BRUSSELS, Belgium and CAMBRIDGE, Mass., Oct. 30 /CNW/ -- Regional
transmission planning has become a high profile issue in recent years,
following blackouts in the United States and Europe. A study by economists at
The Brattle Group, published by the Australian Energy Market Commission
(AEMC), surveyed transmission planning processes used in the power markets of
different regions across the European Union, the U.S., and Canada, and
identified key challenges in designing effective planning processes.
"Transmission planning presents new challenges in a world of competitive
markets and long-distance trading of power; it requires close co-operation
between multiple owners of transmission infrastructure," noted Boaz Moselle,
one of the study's authors and head of The Brattle Group's Brussels office.
"Without effective planning, competitive markets may not function well and
security of supply could be weakened. Transmission planning is also key to
efficient development of the new infrastructure required to connect
remotely-located renewable energy resources, whether it's in Scotland or
The Brattle study surveyed transmission planning processes in regional
electricity markets with multiple transmission owners in Europe and North
America and identified three key design parameters for regional transmission
1. Setting rules for participation. International experience calls into
question the effectiveness and efficiency of arrangements based only
on voluntary participation in regional planning.
2. Assessing the costs and benefits of new transmission. Justifying
construction of new transmission lines primarily based on economic
reasons rather than technical "reliability" standards requires a
comprehensive framework to analyse costs and benefits.
3. Sharing of costs and benefits among transmission owners and market
participants. A transparent mechanism to share project costs and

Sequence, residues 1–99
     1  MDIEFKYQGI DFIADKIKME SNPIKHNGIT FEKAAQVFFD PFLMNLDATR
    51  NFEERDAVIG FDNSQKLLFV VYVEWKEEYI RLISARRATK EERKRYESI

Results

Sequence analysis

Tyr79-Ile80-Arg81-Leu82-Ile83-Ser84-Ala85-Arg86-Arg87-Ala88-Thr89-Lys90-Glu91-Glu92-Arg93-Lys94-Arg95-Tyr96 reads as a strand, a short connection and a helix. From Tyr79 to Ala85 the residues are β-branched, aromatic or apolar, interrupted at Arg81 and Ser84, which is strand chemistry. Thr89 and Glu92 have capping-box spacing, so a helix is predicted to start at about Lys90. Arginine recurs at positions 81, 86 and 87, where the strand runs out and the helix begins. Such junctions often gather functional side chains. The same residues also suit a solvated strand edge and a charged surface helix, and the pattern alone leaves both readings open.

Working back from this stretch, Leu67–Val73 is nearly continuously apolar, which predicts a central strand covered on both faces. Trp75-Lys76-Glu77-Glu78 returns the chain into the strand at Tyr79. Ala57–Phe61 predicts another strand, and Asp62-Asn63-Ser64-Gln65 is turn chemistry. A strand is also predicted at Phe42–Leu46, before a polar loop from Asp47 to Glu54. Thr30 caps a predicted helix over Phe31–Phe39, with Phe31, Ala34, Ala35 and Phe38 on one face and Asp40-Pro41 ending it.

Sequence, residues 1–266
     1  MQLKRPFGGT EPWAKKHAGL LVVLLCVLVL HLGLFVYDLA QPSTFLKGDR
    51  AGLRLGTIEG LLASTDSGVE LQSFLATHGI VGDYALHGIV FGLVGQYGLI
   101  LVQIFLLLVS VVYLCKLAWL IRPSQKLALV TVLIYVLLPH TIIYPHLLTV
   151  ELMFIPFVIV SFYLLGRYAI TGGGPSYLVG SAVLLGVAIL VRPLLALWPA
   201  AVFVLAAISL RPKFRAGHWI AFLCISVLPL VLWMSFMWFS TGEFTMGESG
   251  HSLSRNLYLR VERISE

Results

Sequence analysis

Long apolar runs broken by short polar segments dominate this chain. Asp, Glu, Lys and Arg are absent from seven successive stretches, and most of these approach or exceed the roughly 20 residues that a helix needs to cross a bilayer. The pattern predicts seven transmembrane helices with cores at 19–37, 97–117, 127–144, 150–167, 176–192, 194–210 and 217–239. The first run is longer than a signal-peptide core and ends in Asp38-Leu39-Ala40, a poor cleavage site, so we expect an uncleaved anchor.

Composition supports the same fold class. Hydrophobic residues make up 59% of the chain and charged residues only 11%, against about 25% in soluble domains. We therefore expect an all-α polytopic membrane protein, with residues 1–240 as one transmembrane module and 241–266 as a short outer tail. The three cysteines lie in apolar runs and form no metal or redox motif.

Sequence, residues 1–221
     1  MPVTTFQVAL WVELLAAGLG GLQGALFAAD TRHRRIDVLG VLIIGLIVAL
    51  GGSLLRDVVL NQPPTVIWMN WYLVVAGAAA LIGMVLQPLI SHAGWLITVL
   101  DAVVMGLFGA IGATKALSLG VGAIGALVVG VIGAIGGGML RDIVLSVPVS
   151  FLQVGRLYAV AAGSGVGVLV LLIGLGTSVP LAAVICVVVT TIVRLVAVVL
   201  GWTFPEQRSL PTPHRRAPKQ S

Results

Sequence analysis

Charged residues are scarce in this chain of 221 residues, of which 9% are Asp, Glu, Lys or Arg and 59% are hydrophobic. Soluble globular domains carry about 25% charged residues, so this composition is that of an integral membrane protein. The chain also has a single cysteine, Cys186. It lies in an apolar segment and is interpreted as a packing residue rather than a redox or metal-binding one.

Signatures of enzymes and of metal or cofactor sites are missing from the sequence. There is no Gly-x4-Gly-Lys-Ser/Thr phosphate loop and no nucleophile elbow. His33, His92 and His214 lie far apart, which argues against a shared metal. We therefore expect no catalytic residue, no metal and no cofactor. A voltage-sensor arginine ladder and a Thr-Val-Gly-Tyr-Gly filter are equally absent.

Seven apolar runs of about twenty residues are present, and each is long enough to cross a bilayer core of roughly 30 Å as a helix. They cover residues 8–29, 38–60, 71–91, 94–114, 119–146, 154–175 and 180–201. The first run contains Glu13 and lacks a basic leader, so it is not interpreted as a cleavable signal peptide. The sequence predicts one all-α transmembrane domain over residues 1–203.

benefits among market participants is generally necessary to overcome
opposition to needed expansions, because customers outside the
investing transmission owner's footprint frequently benefit and would
not otherwise contribute to the costs.
The study shows that recent regulatory requirements in the U.S. have led
to a number of promising regional transmission planning processes. However,
according to Johannes Pfeifenberger who leads Brattle's North American energy
consulting practice, the U.S. processes rely heavily on a somewhat artificial
distinction between transmission projects that are justified by reliability
standards and those that are justified primarily for economic reasons.
"Unfortunately, the cost-benefit analyses used to justify economic projects
often are very prescriptive and narrowly focused, which can undermine
desirable transmission investments by underestimating their benefits,"
"Our study also reveals some real challenges that the EU faces in
developing a transmission network that can support an integrated power market
and allow Europe to meet its targets for renewable energy. The Commission's
third energy package lays the basis for more EU-wide planning, but a great
deal of hard technical work is required for successful implementation,"
The Brattle study, "International Review of Transmission Planning
Arrangements," is available on the website of the AEMC, at
pdf (Due to the length of this URL, it may be necessary to copy and paste this
hyperlink into your Internet browser's URL address field. Remove the space if
one exists.) as well as at http://www.brattle.com.
The Brattle Group provides consulting services and expert testimony in
economics and finance to corporations, law firms, and public agencies
worldwide. Areas of expertise include antitrust and competition, valuation and
damages, and regulation and planning in network industries. For more
information on The Brattle Group, please visit http://www.brattle.com.
For further information:
For further information: Laura A. Waters of The Brattle Group,
+1-617-864-7900, email@example.com, Web Site: http://www.brattle.com